The Serious Fraud Office is using artificial intelligence (AI) in the fight against economic crime.
According to the SFO, the technology automates document analysis, allowing it to investigate cases more quickly, reduce costs and achieve a lower error rate than through the work of human lawyers alone.
The decision follows a live pilot in the Rolls-Royce case, which at the time was the SFO’s largest investigation with 30 million documents submitted for review, and was the first use of artificial intelligence in a UK criminal case.
A pilot ‘robot’ that can process more than half a million documents a day was used to scan for legal professional privilege content in the case at speeds 2,000 times faster than a human lawyer.
Building on this success, Axcelerate — a new AI-powered document review system from OpenText — is now being rolled out alongside the robot. This will enable case teams to better target their work and time in other aspects of investigative and prosecutorial work, the SFO said.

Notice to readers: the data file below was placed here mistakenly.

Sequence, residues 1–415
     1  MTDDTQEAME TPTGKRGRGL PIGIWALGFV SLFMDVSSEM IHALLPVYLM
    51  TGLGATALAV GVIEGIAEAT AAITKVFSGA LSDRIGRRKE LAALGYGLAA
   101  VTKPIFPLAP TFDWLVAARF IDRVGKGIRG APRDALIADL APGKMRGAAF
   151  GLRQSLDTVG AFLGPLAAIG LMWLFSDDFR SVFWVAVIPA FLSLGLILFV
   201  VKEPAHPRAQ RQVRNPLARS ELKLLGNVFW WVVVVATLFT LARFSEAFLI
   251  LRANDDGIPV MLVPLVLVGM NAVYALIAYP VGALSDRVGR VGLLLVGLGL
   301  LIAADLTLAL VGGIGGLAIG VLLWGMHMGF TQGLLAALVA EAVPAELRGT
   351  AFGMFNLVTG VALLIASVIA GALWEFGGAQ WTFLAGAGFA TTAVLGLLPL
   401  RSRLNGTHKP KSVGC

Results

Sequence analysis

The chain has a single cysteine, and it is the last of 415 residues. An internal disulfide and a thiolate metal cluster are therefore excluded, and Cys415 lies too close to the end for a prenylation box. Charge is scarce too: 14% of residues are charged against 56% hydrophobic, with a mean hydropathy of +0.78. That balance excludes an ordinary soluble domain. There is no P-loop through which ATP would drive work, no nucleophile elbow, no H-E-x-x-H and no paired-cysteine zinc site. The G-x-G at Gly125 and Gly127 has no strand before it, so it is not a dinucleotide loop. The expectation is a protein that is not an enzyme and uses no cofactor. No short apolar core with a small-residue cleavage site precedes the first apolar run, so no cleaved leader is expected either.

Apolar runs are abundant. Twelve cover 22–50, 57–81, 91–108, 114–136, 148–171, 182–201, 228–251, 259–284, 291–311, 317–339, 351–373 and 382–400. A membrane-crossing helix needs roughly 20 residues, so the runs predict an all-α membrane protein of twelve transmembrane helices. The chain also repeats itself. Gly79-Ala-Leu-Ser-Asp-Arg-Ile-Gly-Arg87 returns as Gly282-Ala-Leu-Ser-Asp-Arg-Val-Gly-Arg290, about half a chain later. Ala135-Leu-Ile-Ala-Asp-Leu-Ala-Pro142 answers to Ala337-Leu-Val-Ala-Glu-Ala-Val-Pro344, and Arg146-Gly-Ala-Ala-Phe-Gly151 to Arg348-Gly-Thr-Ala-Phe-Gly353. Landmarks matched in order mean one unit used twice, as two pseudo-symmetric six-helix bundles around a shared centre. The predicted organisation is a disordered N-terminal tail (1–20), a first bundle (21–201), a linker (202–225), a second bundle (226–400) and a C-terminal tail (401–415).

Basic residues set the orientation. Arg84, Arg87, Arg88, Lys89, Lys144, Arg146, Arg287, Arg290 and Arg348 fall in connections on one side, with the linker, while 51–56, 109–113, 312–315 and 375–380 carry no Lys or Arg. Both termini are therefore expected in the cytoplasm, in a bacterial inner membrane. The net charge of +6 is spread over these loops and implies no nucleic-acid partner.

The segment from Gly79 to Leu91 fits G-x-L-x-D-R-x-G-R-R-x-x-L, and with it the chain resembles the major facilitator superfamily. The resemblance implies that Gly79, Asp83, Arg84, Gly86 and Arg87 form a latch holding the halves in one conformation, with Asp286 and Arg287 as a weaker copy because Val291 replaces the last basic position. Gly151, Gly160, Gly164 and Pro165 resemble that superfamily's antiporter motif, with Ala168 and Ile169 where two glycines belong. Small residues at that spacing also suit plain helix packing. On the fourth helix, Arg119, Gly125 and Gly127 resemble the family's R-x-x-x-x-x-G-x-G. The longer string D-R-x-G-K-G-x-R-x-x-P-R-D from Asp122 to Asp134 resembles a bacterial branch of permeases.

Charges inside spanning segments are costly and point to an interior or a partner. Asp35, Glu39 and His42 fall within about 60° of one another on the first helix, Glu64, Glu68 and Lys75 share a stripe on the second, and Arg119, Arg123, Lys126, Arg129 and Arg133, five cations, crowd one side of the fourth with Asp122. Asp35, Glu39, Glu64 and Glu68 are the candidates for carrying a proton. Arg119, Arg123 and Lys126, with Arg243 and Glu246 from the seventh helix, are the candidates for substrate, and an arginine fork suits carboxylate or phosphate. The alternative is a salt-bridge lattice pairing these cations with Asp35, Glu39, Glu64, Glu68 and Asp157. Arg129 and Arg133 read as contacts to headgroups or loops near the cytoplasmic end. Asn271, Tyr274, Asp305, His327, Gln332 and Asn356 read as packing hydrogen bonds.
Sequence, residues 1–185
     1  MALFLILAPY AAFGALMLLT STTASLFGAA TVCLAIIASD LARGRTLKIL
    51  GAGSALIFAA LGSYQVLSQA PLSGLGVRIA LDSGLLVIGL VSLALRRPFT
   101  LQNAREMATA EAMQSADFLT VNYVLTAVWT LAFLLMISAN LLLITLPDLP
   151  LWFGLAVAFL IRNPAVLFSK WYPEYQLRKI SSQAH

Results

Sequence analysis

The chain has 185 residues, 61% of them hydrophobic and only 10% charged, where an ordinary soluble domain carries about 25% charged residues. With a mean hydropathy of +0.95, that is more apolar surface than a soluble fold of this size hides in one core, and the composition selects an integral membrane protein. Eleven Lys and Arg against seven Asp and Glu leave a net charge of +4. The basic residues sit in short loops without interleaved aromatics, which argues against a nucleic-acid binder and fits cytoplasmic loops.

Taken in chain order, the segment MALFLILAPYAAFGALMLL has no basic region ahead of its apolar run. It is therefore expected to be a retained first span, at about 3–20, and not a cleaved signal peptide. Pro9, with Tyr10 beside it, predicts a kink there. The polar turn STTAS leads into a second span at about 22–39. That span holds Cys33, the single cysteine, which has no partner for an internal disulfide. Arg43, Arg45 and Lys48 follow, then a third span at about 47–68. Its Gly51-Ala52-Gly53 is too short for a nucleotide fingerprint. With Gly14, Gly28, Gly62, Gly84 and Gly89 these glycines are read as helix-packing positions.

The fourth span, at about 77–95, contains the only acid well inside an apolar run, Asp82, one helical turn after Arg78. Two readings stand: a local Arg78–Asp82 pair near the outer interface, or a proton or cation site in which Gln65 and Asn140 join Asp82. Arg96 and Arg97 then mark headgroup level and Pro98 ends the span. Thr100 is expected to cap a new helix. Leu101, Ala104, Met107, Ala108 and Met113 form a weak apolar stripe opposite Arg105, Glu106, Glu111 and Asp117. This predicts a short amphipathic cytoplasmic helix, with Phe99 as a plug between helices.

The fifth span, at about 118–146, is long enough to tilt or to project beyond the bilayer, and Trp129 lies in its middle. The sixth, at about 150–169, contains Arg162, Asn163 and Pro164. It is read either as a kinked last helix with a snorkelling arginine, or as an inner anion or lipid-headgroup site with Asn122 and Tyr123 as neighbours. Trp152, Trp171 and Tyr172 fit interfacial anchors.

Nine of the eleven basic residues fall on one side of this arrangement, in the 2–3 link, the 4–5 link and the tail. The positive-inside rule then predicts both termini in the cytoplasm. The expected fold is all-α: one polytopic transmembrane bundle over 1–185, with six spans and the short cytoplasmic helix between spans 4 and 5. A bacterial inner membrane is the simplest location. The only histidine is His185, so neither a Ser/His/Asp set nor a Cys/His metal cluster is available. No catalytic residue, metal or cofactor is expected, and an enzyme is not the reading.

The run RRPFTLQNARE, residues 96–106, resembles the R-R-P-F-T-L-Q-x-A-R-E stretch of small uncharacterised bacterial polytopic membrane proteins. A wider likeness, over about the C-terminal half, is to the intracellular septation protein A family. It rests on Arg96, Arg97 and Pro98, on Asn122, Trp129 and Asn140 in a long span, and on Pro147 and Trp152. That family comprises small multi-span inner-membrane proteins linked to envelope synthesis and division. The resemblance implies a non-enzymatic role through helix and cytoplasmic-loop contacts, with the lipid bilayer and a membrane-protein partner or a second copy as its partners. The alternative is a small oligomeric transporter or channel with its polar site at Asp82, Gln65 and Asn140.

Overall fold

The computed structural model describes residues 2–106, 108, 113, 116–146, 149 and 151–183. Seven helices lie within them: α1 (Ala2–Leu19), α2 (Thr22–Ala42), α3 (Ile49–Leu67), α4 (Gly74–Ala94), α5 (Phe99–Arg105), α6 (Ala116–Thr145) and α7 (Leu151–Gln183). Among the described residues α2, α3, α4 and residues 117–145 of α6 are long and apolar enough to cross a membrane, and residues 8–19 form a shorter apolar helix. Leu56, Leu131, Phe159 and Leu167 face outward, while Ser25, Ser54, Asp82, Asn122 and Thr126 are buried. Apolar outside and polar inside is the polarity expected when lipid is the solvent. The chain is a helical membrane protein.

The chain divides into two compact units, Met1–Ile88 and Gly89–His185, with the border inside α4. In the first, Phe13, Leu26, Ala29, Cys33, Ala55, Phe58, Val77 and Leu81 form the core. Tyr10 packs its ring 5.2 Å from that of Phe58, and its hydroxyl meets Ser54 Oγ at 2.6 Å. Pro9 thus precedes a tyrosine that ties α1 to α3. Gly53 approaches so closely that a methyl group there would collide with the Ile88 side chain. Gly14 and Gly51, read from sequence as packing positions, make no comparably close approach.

Not only will the new AI document review system be able to recognise patterns, group information by subject, organise timelines and remove duplicates, it will eventually be able to sift for relevancy — removing documents unrelated to an investigation.
“AI technology will help us work smarter, faster and be more effective in prosecuting economic crime,” commented Ben Denison, chief technology officer at the SFO.
“Innovations like OpenText Axcelerate will help our investigators to sift through the hundreds of thousands of documents we receive every day and focus on delivering justice sooner, at significantly lower cost.”
The SFO will begin managing all new cases with the technology from this month, with one case already exceeding Rolls-Royce in size, with over 50 million documents requiring review, and another larger than both cases combined.